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Always… Patsy Cline

by Ted Swindley

Directed by Michael Hamilton

STAGES St. Louis

April 26, 2014

 

Zoe Vonder Haar, Jacqueline Petroccia Photo by Peter Wochniak STAGES St. Louis

Zoe Vonder Haar, Jacqueline Petroccia
Photo by Peter Wochniak
STAGES St. Louis

Patsy Cline is a legend of country music. She’s one of those performers whose work has transcended its genre, as she was able to successfully cross over into pop music and create a lasting impression during her relatively short career.  Even now, over 50 years after her tragic early death, she is fondly remembered by fans of all ages, and many of her songs are now regarded as timeless classics. With such a well-regarded catalog of great songs, if anyone is a fitting subject for a “jukebox musical”, it’s Cline, and playwright Ted Swindley has provided a good one in Always… Patsy Cline. In an encore run of their highly successful and critically acclaimed production from last year, STAGES St. Louis has presented an entertaining and ideally cast tribute to this legendary performer and her great music.

As a musical that is primarily focused on showcasing Cline’s music, there really isn’t much of a plot.  Telling the simple, true story of an unlikely friendship that forms between Patsy (Jacqueline Petroccia) and one of her biggest fans, a Texas divorcee and mother of two named Louise Seger (Zoe Vonder Haar), the show relies on the music, the charismatic performances of its leads, and Petroccia’s powerful vocals to carry the show. The show is set in Louise’s kitchen many years after her first meeting with Patsy, and she looks back fondly on her memories of their relationship.  The enthusiastic, personable Louise is an excellent narrator for the action, as she relates her first time hearing Patsy sing on TV and then details her growing appreciation of the singer and, eventually, their meeting and quickly building friendship, as Patsy performs a concert in Louise’s hometown of Houston and the two end up spending the evening together, and Louise convinces Patsy to stay over at her house and then make an impromptu trip to a local radio station for an interview in the morning before flying out to her next gig.  As Louise recounts the eventful meeting, the action is punctuated by Patsy’s songs, sometimes performed in the context of concert or radio appearances and sometimes in Louise’s kitchen.  It’s an interesting little story and the characters are amiable, but the biggest star of the show is the music, very well-sung by Petroccia in Patsy Cline’s distinctive style and expertly played by the excellent band.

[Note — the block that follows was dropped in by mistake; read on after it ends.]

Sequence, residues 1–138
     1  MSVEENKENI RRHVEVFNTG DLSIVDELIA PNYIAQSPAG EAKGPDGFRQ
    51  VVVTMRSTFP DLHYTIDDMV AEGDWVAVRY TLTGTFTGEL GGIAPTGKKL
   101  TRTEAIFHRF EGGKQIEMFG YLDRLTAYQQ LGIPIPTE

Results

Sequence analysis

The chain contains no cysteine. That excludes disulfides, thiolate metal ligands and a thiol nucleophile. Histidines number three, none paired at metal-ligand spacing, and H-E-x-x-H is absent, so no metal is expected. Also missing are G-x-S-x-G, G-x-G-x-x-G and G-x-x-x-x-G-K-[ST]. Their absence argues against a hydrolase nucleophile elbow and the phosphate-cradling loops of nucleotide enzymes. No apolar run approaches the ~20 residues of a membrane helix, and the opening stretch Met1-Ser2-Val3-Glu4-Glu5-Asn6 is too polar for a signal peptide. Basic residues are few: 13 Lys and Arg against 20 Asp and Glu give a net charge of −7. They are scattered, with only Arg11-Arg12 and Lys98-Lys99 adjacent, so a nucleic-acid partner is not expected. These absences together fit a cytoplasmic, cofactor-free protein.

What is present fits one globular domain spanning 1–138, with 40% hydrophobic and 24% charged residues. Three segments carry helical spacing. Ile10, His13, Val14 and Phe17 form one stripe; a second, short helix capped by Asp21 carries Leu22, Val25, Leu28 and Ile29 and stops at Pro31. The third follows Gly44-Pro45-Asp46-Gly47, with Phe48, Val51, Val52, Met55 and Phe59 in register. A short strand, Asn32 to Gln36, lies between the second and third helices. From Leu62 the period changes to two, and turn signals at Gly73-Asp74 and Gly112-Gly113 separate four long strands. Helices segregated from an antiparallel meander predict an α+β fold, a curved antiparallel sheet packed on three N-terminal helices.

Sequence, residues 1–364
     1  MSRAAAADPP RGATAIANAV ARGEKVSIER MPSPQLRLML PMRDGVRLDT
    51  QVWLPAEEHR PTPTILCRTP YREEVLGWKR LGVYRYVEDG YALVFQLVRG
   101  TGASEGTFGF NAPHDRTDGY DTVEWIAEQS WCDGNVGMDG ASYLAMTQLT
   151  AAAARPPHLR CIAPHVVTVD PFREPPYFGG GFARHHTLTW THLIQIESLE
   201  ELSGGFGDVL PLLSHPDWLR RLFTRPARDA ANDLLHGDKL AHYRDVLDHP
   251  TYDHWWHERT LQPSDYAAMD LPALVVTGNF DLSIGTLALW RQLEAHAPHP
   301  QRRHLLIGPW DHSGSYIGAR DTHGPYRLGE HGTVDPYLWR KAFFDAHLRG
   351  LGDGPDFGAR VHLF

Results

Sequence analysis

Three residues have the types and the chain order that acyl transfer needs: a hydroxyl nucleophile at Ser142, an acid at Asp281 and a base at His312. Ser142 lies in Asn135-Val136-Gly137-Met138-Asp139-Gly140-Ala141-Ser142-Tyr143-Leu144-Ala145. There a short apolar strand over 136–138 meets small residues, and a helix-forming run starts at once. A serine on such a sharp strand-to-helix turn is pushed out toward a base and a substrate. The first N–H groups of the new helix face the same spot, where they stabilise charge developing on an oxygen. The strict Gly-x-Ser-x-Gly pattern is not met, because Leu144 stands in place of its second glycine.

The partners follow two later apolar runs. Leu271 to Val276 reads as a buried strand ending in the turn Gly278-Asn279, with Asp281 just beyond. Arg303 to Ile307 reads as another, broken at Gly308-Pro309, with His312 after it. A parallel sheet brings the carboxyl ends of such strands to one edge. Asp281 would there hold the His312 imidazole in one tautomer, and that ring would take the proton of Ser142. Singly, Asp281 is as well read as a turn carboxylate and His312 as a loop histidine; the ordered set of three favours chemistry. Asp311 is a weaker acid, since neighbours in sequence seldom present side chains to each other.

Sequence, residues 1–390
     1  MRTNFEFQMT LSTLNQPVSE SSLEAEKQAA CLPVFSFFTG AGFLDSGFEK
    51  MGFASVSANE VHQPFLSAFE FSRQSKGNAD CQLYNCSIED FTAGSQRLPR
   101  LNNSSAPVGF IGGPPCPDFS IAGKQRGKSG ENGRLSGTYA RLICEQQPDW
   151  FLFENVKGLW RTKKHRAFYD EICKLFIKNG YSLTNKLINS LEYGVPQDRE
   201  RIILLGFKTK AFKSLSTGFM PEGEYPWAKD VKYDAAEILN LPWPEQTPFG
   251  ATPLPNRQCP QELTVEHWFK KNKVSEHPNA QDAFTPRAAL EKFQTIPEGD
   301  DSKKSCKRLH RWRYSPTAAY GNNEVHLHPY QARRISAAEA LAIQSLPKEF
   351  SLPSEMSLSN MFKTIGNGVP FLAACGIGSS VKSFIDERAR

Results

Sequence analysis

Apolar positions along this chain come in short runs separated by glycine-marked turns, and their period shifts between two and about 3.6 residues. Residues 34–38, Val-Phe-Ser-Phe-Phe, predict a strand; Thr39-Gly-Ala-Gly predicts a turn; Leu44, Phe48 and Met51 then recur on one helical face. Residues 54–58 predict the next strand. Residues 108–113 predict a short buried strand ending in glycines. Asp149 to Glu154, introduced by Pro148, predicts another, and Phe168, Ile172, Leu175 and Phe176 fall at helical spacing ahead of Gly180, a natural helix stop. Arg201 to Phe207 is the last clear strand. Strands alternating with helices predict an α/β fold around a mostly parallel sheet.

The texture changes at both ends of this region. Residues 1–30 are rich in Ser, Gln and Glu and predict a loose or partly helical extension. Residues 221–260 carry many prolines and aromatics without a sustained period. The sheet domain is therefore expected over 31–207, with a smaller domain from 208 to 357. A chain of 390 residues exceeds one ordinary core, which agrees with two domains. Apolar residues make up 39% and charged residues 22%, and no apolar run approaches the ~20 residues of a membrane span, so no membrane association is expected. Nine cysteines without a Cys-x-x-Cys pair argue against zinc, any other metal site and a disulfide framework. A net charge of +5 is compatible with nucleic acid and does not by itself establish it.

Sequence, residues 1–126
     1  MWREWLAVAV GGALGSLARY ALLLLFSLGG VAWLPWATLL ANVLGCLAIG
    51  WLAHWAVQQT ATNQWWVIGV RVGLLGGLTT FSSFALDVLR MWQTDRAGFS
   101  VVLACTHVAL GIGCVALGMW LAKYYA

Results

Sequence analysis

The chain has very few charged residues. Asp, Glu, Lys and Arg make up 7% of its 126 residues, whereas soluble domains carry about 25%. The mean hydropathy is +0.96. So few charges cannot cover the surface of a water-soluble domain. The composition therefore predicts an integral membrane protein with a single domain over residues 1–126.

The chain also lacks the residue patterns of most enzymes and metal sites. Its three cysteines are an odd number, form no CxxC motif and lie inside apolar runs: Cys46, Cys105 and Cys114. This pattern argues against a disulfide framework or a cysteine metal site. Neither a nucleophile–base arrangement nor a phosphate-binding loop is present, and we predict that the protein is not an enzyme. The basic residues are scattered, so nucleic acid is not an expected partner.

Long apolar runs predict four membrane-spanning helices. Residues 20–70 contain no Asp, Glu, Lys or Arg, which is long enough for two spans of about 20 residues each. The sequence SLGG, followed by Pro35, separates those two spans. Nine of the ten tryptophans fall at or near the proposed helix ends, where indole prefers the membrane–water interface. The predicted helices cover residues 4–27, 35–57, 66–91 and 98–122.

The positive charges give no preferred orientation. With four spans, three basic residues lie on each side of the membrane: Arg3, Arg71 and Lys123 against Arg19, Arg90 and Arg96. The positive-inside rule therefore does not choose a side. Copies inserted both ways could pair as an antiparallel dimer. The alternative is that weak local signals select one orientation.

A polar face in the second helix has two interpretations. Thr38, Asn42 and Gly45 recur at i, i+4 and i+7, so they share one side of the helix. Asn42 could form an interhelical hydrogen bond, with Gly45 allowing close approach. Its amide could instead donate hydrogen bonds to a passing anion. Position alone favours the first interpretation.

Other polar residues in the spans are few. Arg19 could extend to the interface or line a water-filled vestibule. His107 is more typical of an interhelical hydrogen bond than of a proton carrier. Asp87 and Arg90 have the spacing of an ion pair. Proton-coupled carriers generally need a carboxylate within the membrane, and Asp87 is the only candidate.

This isn’t simply a staged concert, though.  Petroccia does an excellent job sounding enough like Patsy Cline to be convincing, but she’s not simply a mimic.  She brings a great deal of energy and heart to the performance, especially in songs like “Crazy” and “Faded Love”, and more upbeat numbers such as “Blue Moon of Kentucky” and “San Antonio Rose”, and her obvious instant bond with Vonder Haar’s Louise is clear. Vonder Haar, for her part, is a delight, bringing a great deal of folksy charm to the outgoing and extremely likable Louise.  Vonder Haar also has many great moments interacting with the audience, and she even manages to convince a man to dance with her onstage. It’s a role that requires a great deal of improvisational ability, and Vonder Haar displays that with style.  She even gets to sing along with with Petroccia on a few songs, and they sound great together and seem to be having a great deal of fun playing these characters. That fun is contagious, too, with the audience clapping and (when invited to) singing along with great enthusiasm. It’s also fun to see how the great-sounding band is brought into the story from time to time, as they interact with both Patsy and Louise in a few humorous moments.

Visually, the detailed set by James Wolk and the colorful and period-specific costumes by Lou Bird add to the atmosphere and overall celebratory spirit of the production. There are some clever little touches like a stove that transforms into a jukebox, and the lighting (designed by Matthew McCarthy) helps to set the mood, as well.  All of the technical aspects of the show are very well-done and contribute to the early 1960s flavor of the production.

While Cline’s death is dealt with briefly and very respectfully, for the most part this show is a celebration of her life and her music, so the overall atmosphere is upbeat and positive.  This is an unabashed love letter to Patsy Cline and her songs, excellently cast, staged and sung.  This isn’t an in-depth biography or character study, but it isn’t trying to be. Both casual and hardcore fans of Cline and her music will surely find much to love about this production, and I think many of those who aren’t as familiar with her music will enjoy it as well. It’s a tribute to a legendary performer, and as such it succeeds very well.  STAGES has done very well bringing it back by popular demand.

Zoe Vonder Haar, Jacqueline Petroccia Photo by Peter Wochniak STAGES St. Louis

Zoe Vonder Haar, Jacqueline Petroccia
Photo by Peter Wochniak
STAGES St. Louis

 

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